statistical area and has fewer than 100 beds. This rule would not have 
a significant impact on small rural hospitals as it is intended to 
relieve the burden on hospitals, particularly on small rural hospitals 
and CAHs, and to reduce or eliminate the impact of the current 
regulatory impediments to efficient operation and patient access to 
essential healthcare services. Therefore, the Secretary has determined 
that this proposed rule would not have a significant negative impact on 
the operations of a substantial number of small rural hospitals.
    Section 202 of the Unfunded Mandates Reform Act of 1995 (UMRA) also 
requires that agencies assess anticipated costs and benefits before 
issuing any rule whose mandates require spending in any 1 year of $100 
million in 1995 dollars, updated annually for inflation. In 2010, that 
threshold is approximately $135 million. This rule does not contain 
mandates that would impose spending costs on State, local, or tribal 
governments in the aggregate, or by the private sector, of $135 
million.
    Executive Order 13132 establishes certain requirements that an 
agency must meet when it promulgates a proposed rule (and subsequent 
final rule) that imposes substantial direct requirement costs on State 
and local governments, preempts State law, or otherwise has Federalism 
implications. This proposed rule would not have a substantial direct 
effect on State or local governments, preempt States, or otherwise have 
a Federalism implication.

B. Anticipated Effects

1. Effects on Hospitals and Critical Access Hospitals (CAHs)
    We estimate the costs to hospitals and CAHs to implement this 
proposed rule to be minimal. The major costs are related to the 
agreement between the distant-site hospital and the hospital or CAH at 
which patients who receive the telemedicine services are located. Many 
hospitals and CAHs already have such telemedicine service agreements in 
place and would not incur the initial costs of developing and reviewing 
such an agreement.
    Our figures, as of March 31, 2010, indicate that there were 4,860 
hospitals and 1,314 CAHs (for a total of 6,174) in the United States.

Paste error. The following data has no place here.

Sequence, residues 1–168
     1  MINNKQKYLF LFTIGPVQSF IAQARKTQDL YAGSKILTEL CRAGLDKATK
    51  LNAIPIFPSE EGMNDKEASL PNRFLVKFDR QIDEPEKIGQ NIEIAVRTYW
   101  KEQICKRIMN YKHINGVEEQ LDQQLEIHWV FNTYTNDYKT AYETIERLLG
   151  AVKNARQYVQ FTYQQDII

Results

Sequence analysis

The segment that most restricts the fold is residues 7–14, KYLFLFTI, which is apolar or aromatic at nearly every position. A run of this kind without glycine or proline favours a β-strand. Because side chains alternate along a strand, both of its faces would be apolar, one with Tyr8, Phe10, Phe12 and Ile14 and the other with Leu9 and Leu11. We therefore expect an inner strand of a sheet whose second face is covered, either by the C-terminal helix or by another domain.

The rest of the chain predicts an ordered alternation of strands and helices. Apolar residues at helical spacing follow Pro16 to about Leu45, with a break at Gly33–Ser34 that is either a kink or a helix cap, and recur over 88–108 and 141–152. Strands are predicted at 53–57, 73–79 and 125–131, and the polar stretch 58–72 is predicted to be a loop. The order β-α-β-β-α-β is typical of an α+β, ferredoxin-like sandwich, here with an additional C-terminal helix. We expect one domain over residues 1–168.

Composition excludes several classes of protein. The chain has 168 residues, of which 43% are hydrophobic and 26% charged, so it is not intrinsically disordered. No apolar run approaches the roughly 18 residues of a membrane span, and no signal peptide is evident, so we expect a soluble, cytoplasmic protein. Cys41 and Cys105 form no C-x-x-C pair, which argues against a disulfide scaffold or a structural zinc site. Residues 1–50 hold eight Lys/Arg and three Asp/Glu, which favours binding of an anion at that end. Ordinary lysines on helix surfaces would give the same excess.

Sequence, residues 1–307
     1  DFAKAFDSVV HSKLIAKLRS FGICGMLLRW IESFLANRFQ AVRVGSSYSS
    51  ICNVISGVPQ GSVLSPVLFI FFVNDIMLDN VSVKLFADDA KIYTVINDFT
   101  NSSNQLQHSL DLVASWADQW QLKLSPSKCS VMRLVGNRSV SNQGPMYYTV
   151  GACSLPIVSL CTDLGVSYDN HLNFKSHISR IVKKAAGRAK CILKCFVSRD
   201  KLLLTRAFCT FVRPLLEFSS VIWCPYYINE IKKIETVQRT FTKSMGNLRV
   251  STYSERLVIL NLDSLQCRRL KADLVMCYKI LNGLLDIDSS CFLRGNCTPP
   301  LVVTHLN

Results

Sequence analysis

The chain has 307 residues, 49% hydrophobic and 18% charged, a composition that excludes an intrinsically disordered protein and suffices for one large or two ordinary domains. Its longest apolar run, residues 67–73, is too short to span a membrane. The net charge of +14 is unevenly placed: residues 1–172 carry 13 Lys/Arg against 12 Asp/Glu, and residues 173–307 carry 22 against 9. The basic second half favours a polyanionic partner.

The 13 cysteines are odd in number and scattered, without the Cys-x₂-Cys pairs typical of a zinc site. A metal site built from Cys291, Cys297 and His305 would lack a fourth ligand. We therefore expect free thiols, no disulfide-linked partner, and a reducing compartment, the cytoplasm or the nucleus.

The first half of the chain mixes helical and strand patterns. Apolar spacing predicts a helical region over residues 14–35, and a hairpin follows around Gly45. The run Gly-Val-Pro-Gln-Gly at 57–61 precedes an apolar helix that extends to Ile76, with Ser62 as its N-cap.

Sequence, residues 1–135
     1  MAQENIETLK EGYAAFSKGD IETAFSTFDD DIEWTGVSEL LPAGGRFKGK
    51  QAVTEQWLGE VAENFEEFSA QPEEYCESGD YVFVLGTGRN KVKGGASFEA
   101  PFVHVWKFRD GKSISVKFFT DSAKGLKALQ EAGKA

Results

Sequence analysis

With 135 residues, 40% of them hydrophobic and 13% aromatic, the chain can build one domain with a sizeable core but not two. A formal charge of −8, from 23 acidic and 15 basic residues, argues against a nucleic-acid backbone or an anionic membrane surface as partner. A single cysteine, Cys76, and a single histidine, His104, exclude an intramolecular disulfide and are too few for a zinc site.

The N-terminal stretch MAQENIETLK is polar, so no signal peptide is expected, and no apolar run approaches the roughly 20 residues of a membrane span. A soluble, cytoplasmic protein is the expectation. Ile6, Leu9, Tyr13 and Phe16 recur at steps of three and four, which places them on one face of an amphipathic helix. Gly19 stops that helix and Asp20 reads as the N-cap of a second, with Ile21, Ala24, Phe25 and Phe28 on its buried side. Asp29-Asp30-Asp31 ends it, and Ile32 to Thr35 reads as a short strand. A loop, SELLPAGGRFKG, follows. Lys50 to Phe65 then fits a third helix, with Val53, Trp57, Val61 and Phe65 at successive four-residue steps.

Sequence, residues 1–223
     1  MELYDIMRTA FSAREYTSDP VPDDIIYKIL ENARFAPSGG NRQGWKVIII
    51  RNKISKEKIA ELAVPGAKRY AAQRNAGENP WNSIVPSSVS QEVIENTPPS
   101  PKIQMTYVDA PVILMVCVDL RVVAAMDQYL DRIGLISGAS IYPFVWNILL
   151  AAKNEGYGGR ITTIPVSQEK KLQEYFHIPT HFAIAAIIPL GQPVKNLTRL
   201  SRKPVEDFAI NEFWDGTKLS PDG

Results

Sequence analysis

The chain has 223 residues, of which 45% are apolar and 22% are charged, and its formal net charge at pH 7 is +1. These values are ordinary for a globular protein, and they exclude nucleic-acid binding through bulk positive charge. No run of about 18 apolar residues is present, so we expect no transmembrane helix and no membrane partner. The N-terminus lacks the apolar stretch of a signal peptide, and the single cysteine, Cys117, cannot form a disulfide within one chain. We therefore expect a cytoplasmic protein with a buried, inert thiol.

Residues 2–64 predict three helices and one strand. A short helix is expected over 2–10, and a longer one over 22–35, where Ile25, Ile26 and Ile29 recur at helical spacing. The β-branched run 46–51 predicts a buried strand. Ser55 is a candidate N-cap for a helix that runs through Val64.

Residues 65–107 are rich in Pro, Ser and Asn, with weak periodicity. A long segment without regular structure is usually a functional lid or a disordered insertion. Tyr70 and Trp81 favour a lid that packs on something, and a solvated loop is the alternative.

However, we have no way of determining an exact number on which of 
these hospitals provide telemedicine services and which of these 
hospitals and CAHs receive services, nor can we determine how many 
hospitals and CAHs already have telemedicine agreements. Accordingly, 
we have based on our cost estimates on the higher costs that would be 
incurred if every hospital and CAH in the United States were required 
to develop the agreement, to review it initially, and to review it 
annually. We prepared the cost estimates for hospitals and CAHs 
separately. However, all sides of this equation would require the 
initial services of a hospital or CAH attorney at an average of $66/
hour; a hospital or CAH chief of the medical staff (a physician) at an 
average of $112/hour; and a hospital or CAH administrator at an average 
of $75/hour. For the third-party disclosure requirements, we also 
prepared the cost estimates for hospitals and CAHs separately, though 
both would require the annual services of a medical staff credentialing 
manager or a medical staff coordinator at an average of $39/hour. Our 
salary figures are from http://www.salary.com/. Our estimates of time 
and cost for each aspect of the proposed agreement (development, 
initial review, and annual review), as well as for the third-party 
disclosure, is as follows:

[[Page 29485]]



 Table 2--Information Collection Requirements for a Hospital to Develop an Agreement for Telemedicine Services:
                                                  Initial Cost